I recently read two articles in Health Day that
made me a little disheartened for my “vulnerable” female brain. They were both on
the same day, Tuesday in fact.
Vs. Women’s Brain- A Race In the Decline In Mental Health
The first dreary headline was on cognitive
decline. Health Day reported, “Women with
mild thinking and memory problems — known as mild cognitive impairment —
deteriorate twice as fast mentally as men with the same condition, according to
According to the same article, the researchers
offered several explanations:
1. The genetic predisposition to plaque in women
may be greater. Women with the gene “called the ApoE4 Alzheimer’s risk gene —
the rate of mental decline was even faster, the researchers said.”
2. A greater mental reserve with more
connections may exist in women. One researcher explained, “Because of this
greater mental reserve, it’s possible that women may start declining later than
men, but progress faster once the fall-off begins, he said.”
3. Women’s more complex hormonal patterns.
The study was based on 400 men and women and
they were followed for 8 years.
Vs. Women- The Impact of Anesthesia
The same day, I glazed over another read. “Older women are much more likely than men to
suffer brain dysfunction after surgery with general anesthesia, a new study
finds. Researchers who analyzed data
from hundreds of older adults in the United States found faster declines in
mental function and brain volume for both women and men who had surgery with
general anesthesia compared to those who had no surgery.”
What do I make of all this?
1. Women’s livers may have more to deal with
related to hormonal clearance. Those who had surgery may be a self-selected
group with more of a predisposition to environmental stressors.
For example, these women could have lower levels of glutathione (a master antioxidant for immune health, inflammation, and more) and genetic variations in liver enzymes
that made them not only less likely to clear the anesthesia, but more likely to
get diseases that needed surgery to begin with. (Read more on this here: http://dr-lobisco.com/tag/methylation-snps-and-detox/)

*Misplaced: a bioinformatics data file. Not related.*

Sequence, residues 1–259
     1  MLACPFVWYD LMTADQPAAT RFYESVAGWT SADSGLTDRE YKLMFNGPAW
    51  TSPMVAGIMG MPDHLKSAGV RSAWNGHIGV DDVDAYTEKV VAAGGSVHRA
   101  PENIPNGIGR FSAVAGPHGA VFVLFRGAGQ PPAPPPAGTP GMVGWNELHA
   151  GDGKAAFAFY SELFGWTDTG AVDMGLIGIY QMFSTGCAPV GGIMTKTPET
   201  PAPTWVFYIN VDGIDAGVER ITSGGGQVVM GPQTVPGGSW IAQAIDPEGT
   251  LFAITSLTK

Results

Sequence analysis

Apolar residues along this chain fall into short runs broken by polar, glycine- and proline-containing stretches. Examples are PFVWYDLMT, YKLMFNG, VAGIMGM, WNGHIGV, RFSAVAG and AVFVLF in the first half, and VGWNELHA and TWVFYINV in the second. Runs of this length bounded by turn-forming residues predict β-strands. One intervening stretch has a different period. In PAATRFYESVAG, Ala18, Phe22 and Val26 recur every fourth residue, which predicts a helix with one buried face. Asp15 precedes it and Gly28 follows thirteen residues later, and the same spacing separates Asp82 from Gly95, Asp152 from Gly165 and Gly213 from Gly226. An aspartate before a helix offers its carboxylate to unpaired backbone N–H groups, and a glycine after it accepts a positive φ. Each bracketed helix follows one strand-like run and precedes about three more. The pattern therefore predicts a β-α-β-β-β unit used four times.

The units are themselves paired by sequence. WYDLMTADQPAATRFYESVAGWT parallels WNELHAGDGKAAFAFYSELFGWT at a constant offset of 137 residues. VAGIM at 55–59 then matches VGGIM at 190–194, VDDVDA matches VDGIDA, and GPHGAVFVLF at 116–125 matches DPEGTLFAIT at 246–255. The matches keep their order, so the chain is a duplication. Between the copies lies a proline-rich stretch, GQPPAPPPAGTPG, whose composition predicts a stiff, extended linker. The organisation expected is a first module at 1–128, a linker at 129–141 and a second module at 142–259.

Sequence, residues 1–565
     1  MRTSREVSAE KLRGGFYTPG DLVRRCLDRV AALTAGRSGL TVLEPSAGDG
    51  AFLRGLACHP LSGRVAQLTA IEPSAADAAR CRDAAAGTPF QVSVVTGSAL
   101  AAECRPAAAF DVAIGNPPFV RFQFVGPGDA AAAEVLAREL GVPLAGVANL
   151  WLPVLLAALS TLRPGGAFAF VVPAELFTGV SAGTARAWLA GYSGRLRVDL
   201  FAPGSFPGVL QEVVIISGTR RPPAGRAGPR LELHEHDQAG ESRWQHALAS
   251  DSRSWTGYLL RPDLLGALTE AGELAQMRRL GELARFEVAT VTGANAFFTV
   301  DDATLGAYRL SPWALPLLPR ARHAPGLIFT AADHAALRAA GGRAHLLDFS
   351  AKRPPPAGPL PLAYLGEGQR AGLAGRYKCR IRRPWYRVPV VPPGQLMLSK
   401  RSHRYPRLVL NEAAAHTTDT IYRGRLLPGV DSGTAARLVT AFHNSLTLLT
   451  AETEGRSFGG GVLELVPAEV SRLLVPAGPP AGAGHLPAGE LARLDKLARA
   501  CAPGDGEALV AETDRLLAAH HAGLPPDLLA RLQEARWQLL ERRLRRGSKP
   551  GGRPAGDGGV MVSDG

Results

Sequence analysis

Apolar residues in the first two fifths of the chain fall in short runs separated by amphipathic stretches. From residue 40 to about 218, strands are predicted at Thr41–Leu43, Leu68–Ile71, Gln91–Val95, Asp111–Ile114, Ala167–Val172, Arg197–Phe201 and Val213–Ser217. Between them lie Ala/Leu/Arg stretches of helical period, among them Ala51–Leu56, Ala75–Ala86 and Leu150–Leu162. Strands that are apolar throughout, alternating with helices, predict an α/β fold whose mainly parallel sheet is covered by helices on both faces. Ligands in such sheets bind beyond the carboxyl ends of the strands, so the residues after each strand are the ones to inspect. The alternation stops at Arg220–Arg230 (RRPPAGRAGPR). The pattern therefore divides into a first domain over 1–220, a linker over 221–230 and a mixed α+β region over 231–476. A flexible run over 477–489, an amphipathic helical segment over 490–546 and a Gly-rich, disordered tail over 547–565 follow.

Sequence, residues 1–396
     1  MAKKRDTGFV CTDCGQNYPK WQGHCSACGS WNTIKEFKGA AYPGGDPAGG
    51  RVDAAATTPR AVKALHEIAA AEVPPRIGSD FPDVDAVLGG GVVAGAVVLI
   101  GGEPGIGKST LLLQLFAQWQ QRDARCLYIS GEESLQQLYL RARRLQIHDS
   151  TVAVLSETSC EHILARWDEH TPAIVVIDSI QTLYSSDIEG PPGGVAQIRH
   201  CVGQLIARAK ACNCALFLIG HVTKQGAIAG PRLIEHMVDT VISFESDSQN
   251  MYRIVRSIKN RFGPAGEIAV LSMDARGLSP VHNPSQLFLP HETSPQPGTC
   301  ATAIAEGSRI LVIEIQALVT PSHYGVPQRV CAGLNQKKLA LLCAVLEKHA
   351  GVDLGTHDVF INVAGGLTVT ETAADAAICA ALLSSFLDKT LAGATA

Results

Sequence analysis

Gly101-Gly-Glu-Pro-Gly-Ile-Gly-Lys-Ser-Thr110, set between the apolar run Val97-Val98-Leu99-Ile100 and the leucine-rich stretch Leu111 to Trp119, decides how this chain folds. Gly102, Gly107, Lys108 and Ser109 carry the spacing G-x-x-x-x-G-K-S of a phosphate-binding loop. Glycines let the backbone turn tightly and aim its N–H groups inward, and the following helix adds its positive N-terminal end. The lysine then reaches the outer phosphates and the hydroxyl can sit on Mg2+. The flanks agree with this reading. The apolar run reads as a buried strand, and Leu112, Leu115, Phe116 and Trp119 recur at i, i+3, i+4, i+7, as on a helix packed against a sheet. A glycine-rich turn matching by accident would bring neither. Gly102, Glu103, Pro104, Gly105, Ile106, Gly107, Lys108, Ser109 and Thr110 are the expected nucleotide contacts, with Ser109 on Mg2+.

2. Estrogen modulates the immune response and the
health of the microbiome modulates estrogen and excretion. Combinations of
stress and hormonal fluctuations could impact the gut-brain axis and systemic inflammation.
Some tips to keep your brain healthy:
1. Stay active to boost
your cognitive power
2. Eat a healthy diet, include foods rich in
polyphenols, like berries, which are great for the brain
3. Keep your gut bugs happy by eating whole
foods and plenty of fiber
4. Avoid sugar, which is linked to causing
5. Avoid toxins and use natural and organic
products, chemicals can trump brain power
Women Descend Into Alzheimer’s at Twice the
Speed of Men: Study. Health Day. July 21, 2015. http://consumer.healthday.com/senior-citizen-information-31/misc-aging-news-10/women-s-descend-into-alzheimer-s-at-twice-the-speed-of-men-study-701501.html
Minds of Older Women Fuzzier After General
Anesthesia Than Men’s. Health Day. July 21, 2015. http://consumer.healthday.com/senior-citizen-information-31/misc-aging-news-10/minds-of-older-women-fuzzier-after-general-anesthesia-than-men-701372.html
Cutolo M, Sulli A, Capellino S, Villaggio B,
Montagna P, Seriolo B, Straub RH. Sex hormones influence on the immune system:
basic and clinical aspects in autoimmunity.
Flores R, Shi J, Fuhrman B, et al. Fecal
microbial determinants of fecal and systemic estrogens and estrogen
metabolites: a cross-sectional study. Journal
of Translational Medicine. 2012;10:253. doi:10.1186/1479-5876-10-253.
A common gut bacterium may protect women
against MS, study finds. Medical News Today. January 20. 2015.
References for microbiome: http://dr-lobisco.com/the-power-of-a-healthy-gut-and-the-role-of-probiotics/
Devore EE, Kang JH, Breteler MMB, Grodstein F.
Dietary intake of berries and flavonoids in relation to cognitive decline. Annals
of neurology. 2012;72(1):135-143. doi:10.1002/ana.23594.
Van Praag H. Exercise and the brain: something
to chew on. Trends in neurosciences. 2009;32(5):283-290.
Health Day. July 8, 2015. http://consumer.healthday.com/cognitive-health-information-26/brain-health-news-80/type-2-diabetes-may-damage-thinking-skills-study-701115.html